London, Asharq Al-Awsat—Cairo’s Criminal court on Wednesday adjourned until March 1 the trial of former Egyptian President Mohamed Mursi on charges of inciting the killing of anti-government protesters in 2012.
Mursi, along with 14 other defendants—including former presidential aides and senior Muslim Brotherhood leaders—stand accused of inciting the deaths of protesters on December 5, 2012, outside the Ittihadiya presidential palace.
The decision to adjourn the trial comes as the Cairo Criminal Court awaits the report of a three-party committee tasked with reviewing video evidence put forward by the prosecution. At Wednesday’s hearing, the fifth since the trial began, the court officially appointed Tharwet Rahoum as Mursi’s defense lawyer after the former president refused to choose his own defense team, claiming this would be an acknowledgement of the legitimacy of the charges against him. Rahoum was appointed by Egypt’s Bar Association after the court tasked the group with hiring an attorney for Mursi. The former president’s defense team also requested additional time to prepare for cross-examination of prosecution witnesses at Wednesday’s hearing.
Speaking to local media following the court’s adjournment, lawyer Tharwat Rahoum said that the defense had issued a request calling for Defense Minister Field Marshall Abdel-Fattah El-Sisi to give his testimony on the Ittihadiya protests, but that the judges’ panel had refused.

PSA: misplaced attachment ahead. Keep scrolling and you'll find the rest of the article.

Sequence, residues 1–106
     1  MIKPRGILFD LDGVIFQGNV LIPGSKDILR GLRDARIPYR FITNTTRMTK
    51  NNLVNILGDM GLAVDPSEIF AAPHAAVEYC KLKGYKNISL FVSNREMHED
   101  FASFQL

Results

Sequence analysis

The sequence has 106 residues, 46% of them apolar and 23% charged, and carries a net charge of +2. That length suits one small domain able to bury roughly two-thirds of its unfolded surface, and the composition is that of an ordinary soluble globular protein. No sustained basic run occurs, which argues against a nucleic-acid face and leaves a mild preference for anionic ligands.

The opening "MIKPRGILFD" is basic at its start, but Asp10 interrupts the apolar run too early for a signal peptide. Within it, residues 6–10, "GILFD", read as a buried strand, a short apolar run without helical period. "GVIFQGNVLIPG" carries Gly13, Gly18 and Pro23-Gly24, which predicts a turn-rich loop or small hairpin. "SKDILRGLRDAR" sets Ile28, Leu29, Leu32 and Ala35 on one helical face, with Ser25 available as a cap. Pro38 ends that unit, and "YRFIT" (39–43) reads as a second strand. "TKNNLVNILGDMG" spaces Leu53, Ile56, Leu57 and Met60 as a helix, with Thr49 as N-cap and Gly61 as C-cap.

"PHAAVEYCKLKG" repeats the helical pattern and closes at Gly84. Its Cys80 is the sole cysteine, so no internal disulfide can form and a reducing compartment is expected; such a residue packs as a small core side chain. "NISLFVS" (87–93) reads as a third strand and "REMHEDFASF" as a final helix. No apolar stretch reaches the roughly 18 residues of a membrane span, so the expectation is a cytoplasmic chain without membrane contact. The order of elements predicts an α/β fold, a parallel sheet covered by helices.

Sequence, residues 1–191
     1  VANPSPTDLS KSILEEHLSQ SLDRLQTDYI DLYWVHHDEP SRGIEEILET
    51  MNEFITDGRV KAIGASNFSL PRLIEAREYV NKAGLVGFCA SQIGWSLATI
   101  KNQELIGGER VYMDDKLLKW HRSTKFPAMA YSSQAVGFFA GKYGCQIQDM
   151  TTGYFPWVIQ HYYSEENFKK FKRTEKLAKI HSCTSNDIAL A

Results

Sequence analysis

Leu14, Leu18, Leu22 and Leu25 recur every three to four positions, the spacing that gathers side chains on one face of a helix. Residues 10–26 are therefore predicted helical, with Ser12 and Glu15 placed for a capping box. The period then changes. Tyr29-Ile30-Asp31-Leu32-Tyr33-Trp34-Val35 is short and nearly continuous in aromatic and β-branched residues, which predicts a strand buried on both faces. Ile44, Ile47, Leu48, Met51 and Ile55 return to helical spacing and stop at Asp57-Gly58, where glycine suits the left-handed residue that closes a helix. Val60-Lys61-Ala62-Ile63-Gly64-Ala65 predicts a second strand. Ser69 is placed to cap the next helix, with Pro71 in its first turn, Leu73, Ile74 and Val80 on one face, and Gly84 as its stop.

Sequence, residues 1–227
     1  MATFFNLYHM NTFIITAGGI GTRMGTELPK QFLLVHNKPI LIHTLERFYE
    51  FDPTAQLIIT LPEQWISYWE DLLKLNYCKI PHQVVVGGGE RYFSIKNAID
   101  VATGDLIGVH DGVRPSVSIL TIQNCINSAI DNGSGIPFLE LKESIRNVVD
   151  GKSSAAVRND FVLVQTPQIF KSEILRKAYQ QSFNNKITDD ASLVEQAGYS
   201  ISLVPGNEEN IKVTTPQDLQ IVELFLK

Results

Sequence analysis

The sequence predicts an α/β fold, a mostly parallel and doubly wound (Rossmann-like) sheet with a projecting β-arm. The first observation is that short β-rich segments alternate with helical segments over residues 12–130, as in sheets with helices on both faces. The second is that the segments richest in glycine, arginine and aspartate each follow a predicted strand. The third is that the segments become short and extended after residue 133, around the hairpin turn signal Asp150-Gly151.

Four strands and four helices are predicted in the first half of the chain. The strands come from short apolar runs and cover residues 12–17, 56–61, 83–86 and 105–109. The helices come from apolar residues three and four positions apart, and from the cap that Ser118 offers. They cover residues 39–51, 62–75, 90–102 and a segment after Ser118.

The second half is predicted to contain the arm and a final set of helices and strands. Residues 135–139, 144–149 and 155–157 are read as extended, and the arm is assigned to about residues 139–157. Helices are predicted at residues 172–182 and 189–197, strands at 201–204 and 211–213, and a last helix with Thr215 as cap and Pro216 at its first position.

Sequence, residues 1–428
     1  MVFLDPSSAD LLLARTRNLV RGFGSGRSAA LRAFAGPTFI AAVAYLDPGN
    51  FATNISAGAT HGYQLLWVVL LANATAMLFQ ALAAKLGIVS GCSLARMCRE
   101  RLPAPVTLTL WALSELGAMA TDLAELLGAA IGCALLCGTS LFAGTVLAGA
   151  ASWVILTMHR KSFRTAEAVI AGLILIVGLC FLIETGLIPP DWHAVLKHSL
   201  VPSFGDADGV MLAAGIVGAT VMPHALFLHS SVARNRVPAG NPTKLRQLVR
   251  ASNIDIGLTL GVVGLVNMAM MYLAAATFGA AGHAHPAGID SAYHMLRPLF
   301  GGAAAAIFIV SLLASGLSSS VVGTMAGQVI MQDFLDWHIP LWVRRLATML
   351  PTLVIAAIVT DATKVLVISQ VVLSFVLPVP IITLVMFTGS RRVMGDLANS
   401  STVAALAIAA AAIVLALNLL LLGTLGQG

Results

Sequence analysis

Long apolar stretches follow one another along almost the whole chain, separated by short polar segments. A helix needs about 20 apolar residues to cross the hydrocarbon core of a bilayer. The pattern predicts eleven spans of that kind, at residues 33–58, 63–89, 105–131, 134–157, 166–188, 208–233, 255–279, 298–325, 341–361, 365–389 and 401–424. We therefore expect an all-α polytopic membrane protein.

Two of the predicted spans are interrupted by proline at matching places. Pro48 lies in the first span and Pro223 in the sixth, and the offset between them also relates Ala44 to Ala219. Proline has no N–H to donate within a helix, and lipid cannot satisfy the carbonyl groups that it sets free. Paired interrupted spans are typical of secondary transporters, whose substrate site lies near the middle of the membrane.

The former president appeared in court on Wednesday, standing in the dock in a soundproof cage after his frequent outbursts disrupted previous court proceedings. In prior sessions the former president had struck a defiant tone, insisting that he remains Egypt’s “legitimate” president and refusing to acknowledge the authority of the court. Agitatedly pacing the dock in a session earlier this year, he angrily asked the judge: “Who are you? Don’t you know who I am?” The judge responded: “I am the president of Egypt’s Criminal Court.”
In a second case, Mursi and 130 co-defendants are facing charges of breaking out of jail during the 2011 uprising that saw the ouster of former president Mohamed Mubarak, and conspiring with foreign groups including Hamas and Hezbollah. Hearings on those charges have been postponed until February 22.
Earlier, the trial of 48 Mursi supporters, including senior Muslim Brotherhood leaders such as General Guide Mohamed Badie, had been adjourned until February 15. The defendants stand accused of blocking public roads in Cairo during the political upheaval that followed Mursi’s ouster, in addition to charges ranging from belonging to a terrorist organization to destroying public and private property to disturbing the peace.